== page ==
Small and medium-sized enterprises named paddlers fall upon the third category of the division. It is the largest group of SMEs. They are eager to learn but cannot overcome the barrier of not believing in the benefits that e-commerce can give them. The companies in this categoric level simply lack skills and confidence to exploit newest information and communication technologies to the maximum extent. They are also known as those who are online but do not use the Internet for making profits.
Next group is known as waders. These are the SMEs that were forced to study how to use the Internet to remain competitive and keep up with the times. In some cases, their trading partners made them join the system. These small and medium-sized enterprises are still learning how to operate on the basis of e-commerce but already enjoy the benefits. Finally, there are those companies known as swimmers.
These are the enterprises that are experts in the exploitation of the newest technologies for making income, as online trading is an inseparable part of their business activities. This group is divided into two subgroups. Enterprises of the first subcategory have moved to e-business though evolving from traditional forms of carrying out economic operations while SMEs in the second one were initially created as online companies so that they work exclusively online (Stockdale & Standing 2006).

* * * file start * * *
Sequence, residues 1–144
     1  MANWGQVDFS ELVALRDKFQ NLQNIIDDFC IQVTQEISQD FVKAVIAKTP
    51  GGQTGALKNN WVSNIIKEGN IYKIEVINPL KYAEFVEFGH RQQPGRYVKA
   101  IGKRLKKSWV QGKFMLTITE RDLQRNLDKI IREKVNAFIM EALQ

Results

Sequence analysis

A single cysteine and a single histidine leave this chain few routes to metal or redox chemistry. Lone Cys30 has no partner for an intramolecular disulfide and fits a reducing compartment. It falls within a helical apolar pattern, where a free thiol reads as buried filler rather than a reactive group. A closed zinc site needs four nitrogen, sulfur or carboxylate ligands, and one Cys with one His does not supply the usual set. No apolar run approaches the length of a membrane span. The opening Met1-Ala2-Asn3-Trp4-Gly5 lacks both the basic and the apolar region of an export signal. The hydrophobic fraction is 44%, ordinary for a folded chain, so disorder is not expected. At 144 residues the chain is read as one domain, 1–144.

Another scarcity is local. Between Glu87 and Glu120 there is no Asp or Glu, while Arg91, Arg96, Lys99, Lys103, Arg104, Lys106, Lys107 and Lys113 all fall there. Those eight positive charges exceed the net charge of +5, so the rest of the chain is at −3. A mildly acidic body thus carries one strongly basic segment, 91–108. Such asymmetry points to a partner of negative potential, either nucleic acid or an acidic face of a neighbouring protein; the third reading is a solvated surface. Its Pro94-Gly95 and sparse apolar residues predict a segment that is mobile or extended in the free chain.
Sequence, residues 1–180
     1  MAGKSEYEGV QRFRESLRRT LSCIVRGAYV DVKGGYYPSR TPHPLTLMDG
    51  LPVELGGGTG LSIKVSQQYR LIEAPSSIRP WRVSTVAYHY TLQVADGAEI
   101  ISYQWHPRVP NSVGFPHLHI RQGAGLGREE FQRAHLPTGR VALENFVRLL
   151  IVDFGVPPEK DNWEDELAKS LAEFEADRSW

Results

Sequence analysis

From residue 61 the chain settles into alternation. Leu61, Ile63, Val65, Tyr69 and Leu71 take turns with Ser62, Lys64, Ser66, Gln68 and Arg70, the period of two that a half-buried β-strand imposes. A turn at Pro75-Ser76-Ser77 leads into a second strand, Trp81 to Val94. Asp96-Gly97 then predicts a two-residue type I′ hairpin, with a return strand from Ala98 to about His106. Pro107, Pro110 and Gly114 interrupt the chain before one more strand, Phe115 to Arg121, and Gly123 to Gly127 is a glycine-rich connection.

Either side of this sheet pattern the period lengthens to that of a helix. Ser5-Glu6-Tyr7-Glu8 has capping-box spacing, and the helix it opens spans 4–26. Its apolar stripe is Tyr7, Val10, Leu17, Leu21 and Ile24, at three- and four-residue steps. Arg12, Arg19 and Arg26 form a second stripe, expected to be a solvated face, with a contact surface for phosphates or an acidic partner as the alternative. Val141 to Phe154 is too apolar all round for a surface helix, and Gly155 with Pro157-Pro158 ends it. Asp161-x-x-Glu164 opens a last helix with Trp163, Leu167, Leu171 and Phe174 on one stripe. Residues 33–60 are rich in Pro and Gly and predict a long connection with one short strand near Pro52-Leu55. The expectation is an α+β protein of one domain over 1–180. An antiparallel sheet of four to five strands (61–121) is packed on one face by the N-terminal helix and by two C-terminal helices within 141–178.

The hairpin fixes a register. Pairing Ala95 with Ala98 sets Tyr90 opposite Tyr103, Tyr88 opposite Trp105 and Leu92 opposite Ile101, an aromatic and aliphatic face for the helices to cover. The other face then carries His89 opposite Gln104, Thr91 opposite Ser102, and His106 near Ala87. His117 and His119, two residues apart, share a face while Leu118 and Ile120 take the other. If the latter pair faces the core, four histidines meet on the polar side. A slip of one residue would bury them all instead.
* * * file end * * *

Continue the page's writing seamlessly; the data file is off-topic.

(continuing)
On practice, it does not really matter what group of those mentioned above an enterprise belongs to because the pattern of adopting the latest technologies is the same. So, basically, these groups are a demonstration of the companies’ progress in implementing e-commerce steps in work. For the most part, SMEs use e-mail as a tool for contacting customers and suppliers. On the second place is the use of Internet for the purposes of advertising and promoting goods and services or finding necessary information. Third basic exploitation of Internet is accepting or making online payments (Wilson et al. 2008).